Some of you might recall that our family used to play bluegrass with a group, and also as a family at nursing homes, senior centers, church, etc. Savannah shared about that connection and she was also quite the star.
The ladies asked her to sign the books we’d given them. (Savannah’s Inky Imagination features her artwork and Savannah is a cartoon character in our Dramatic Mom comic. Both are available in paperback & ebook, FYI!)
And then, at the end, the ladies gathered around her and touched her shoulders, hugged her, said sweet farewells to her, and told her to send the library a Christmas card. Well, that was absolutely the most perfect thing to say! Savannah told me that she almost cried when they said goodbye to her, but when Savannah mentioned the Christmas card, her face lit up. She’ll enjoy making or choosing a card for these wonderful and wild Irish ladies.
It’s not a forever goodbye, but a forever connection.
I never forget who is kind to my children. {{{{Hugs and Gratitude to the Mallow Knitting Group}}}}
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¬†Next I’ll talk about Nicholas. Nicholas took a photography class through the UCC “Short Courses”. It was his first college course. He loved it! He came away from it with nifty skills, fabulous photos of our adventures here in Ireland, and a sparkling letter of recommendation for his application to UCC.
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¬†About UCC… Do you remember his excitement when he first saw the Harry-Potter-like campus? Well, he finally finished his essay, after many grueling weeks of procrastination and angst. Nicholas then applied for two programs (schools/majors): Computers and World Languages.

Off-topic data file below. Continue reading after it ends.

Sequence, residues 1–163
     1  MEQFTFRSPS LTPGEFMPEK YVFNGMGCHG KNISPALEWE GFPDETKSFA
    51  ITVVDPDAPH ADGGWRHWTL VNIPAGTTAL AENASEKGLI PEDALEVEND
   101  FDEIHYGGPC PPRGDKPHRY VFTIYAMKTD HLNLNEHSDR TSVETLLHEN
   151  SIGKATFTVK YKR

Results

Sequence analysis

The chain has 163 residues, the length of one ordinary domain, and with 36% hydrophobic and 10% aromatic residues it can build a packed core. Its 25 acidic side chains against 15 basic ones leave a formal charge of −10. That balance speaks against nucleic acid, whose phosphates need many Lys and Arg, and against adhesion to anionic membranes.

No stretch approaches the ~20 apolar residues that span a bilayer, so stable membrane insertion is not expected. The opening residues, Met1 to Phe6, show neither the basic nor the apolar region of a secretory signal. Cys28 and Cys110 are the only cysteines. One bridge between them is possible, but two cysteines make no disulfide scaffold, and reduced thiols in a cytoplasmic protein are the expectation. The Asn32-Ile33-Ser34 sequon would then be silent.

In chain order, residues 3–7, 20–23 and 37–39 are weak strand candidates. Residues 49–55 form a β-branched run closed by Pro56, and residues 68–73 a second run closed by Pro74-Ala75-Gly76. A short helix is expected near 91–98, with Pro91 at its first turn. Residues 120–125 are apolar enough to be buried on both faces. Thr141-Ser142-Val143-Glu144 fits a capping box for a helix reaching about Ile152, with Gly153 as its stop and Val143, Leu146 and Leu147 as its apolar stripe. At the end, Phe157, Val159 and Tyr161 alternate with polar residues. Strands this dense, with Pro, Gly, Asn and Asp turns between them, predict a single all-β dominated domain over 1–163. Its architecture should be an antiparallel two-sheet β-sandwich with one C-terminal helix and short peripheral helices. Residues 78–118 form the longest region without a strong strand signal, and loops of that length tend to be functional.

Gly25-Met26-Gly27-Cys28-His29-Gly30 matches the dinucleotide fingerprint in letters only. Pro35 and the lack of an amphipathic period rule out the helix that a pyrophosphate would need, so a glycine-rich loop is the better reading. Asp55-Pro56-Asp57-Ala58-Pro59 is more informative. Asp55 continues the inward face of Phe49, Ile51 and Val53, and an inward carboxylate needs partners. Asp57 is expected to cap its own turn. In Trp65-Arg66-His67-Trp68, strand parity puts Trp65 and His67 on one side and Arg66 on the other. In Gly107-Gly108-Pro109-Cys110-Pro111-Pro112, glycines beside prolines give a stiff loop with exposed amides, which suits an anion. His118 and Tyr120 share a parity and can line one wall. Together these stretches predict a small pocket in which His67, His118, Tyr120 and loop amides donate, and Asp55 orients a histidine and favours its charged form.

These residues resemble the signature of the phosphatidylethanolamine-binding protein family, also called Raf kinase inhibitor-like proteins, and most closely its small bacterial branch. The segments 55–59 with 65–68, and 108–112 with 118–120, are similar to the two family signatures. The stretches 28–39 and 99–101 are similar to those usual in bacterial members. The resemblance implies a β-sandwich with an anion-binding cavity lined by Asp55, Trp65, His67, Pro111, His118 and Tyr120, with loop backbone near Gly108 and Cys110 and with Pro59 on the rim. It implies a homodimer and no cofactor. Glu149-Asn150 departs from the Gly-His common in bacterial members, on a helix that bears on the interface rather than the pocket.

Nicholas¬†was accepted into BOTH!! UCC is in the top 2% of universities in the WORLD… Wow. I couldn’t be prouder of him! He was even offered a SCHOLARSHIP in the computer programme!!!
SCAN0022<<Subject: Congratulations on your offer of a place at University College Cork
Local Time: April 21, 2016 10:58 AM

Dear Nicholas,
Your application for the BSc (Hons) Computer Science in the College of Science, Engineering and Food Science at University College Cork has been reviewed and I am delighted to inform you that your application has been successful and that you have been accepted for a place on this programme.
I would be grateful if you could please indicate on our online application system your decision.  On receipt of your decision, I will send your official full offer letter to you by email before posting it to you.
Should you have any questions, please do not hesitate to contact me.
Regards,
********
Non-EU Undergraduate Admissions Coordinator
UCC International Office

<<

Subject: Congratulations on your offer of a place in BA World Languages at University College Cork
Local Time: April 21, 2016 12:55 PM

Dear Nicholas,

Thank you for your application to University College Cork.

I am pleased to inform you that your application for the BA World Languages at University College Cork has been successful.

I note that you have also received an offer for the BSc Computer Science degree. I would be grateful if you could please let us know for which programme you wish to receive an official Letter of Acceptance by replying to this email. Once we receive this confirmation, we will prepare your relevant official Letter of Acceptance and send it to you by email.

Should you have any questions, please do not hesitate to contact me.

Yours sincerely,
******
Non-EU Undergraduate Admissions Coordinator
International Office, UCC

SCAN0019Again, it’s worth a second mention… Nicholas was offered a SCHOLARSHIP to the Computer Science programme – 25% off the tuition! What a thrill! Unfortunately the tuition is still out of reach if Nicholas has to also pay for room and board, instead of commuting from home as planned.
Nicholas is disappointed (I’m putting this gently. It’s been an emotional rollercoaster ride we’ve all been on) that he can’t go to UCC, but I’ll share his new plans soon in a blog post I’ve already started writing in my head called “Dream a New Dream”.¬† This kid is amazing and I know he’ll be successful wherever life takes him. I’m sure the journey will be full of magical surprises.
On to child 3… I’ve done this in reverse order this time, from youngest to eldest.